When I heard that there was going to be a new play opening about the wizarding world of Harry Potter I definitely felt a clear sense of horror and dread. When I later heard that the script would be published, I actually groaned aloud and dramatically asked my friend (the bearer of the bad news) ‘Whyyy!?’
We’ve all felt it, that despair when a beloved childhood memory is resurrected by greedy corporations for money, and in the process is completely ruined. As a child I was a complete bookworm, and the Harry Potter series was my ultimate love. Middle aged Harry Potter and co.? I did not want that in my head, interfering with my beautiful memories, and so I refused to buy the 8th instalment, entitled Harry Potter and the Cursed Child.
My willpower lasted about a month before I did buy a copy, and I urge anyone with doubts to do the same. Reading this script was like meeting an old friend that you thought you would never see again; it was different but also reassuringly familiar. The old gang, Harry, Ron and Hermione are back, and there are some wonderful appearances from a range of old, beloved characters which it is really nice to hear more about.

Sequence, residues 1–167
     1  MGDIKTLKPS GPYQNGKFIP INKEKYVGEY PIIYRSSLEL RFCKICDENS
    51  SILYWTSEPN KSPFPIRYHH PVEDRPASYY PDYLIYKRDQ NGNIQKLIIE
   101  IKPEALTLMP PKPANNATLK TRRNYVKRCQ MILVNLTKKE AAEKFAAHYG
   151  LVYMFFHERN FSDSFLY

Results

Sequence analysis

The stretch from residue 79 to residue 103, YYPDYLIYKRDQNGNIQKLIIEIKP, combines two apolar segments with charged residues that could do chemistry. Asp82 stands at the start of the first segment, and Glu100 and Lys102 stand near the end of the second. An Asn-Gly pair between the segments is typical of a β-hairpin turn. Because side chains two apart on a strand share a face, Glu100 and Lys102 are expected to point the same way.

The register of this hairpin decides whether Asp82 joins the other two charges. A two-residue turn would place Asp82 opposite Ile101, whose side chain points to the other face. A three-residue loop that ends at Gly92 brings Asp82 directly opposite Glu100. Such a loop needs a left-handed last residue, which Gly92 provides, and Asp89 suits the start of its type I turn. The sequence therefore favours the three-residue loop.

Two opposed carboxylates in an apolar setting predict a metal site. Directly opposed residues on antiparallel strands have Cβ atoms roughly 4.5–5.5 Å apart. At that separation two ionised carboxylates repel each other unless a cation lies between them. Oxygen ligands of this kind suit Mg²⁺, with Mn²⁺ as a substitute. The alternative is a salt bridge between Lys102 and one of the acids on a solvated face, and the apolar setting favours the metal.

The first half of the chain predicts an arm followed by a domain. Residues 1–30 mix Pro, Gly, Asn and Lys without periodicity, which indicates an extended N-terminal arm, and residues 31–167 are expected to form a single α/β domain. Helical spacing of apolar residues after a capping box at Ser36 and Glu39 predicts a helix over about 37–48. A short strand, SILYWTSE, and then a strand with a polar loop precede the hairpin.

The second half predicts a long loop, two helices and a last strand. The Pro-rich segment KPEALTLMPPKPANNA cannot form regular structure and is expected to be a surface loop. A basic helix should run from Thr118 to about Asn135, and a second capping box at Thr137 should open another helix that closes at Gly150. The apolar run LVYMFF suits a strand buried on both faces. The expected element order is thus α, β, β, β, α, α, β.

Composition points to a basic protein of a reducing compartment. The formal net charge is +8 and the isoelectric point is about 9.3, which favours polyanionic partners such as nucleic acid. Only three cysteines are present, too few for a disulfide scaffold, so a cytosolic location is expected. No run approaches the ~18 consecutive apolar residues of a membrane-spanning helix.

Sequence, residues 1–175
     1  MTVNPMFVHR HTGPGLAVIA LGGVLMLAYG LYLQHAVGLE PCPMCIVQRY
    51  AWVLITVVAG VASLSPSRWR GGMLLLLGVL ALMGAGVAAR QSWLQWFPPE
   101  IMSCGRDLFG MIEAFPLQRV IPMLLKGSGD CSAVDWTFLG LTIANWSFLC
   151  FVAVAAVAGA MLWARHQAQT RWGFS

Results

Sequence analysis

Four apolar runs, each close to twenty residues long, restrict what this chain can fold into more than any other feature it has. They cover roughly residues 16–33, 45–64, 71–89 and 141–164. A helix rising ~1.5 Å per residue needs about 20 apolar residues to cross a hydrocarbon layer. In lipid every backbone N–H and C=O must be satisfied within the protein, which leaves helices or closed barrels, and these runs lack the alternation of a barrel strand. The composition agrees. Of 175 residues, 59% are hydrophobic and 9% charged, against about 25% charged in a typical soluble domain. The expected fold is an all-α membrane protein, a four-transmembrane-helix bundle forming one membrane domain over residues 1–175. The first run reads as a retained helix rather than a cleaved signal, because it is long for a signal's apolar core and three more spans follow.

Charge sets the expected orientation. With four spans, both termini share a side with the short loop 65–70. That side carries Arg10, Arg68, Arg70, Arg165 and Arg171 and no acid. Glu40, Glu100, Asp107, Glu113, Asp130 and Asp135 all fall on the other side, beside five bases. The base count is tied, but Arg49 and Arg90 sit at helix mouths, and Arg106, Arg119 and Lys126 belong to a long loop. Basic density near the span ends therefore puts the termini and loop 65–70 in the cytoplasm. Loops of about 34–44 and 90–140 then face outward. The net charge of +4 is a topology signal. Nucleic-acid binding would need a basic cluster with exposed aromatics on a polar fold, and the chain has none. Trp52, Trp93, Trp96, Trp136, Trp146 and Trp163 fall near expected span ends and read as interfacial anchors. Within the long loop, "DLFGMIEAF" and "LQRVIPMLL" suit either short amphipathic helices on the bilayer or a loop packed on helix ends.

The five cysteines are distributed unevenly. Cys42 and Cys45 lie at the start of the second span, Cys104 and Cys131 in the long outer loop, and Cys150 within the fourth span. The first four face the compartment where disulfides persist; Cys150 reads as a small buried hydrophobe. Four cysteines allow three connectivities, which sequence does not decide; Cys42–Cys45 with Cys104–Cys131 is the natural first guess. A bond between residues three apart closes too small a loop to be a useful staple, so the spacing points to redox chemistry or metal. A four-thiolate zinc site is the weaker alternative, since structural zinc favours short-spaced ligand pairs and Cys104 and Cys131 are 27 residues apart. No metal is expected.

But the focus is really on the next generation of young witches and wizards, notably Albus Potter and Scorpius Malfoy, who are on their own adventures to find out who they are. The struggle to define themselves separately from their famous (and infamous) parents is at the heart of this tale. This really was a stroke of genius from the writers, making what could have easily been a forced storyline into a motivated plot full of intricate characters. The blend of old and new is well-crafted storytelling at its best.
I have used the word script throughout this review, and to be clear, this is not a novel, it is the official script book of the West End production. It is not entirely written by J. K. Rowling but is a collaboration with Jack Thorne and John Tiffany. Clearly this is a marked departure from the format of the previous seven instalments but I did not find that a drawback. It remains a very digestible and coherent narrative with some fantastically descriptive stage directions. Harry Potter and the Cursed is a charming and poignant return to the world that I fell in love with aged 9; my precious memories remain unscathed and actually enhanced.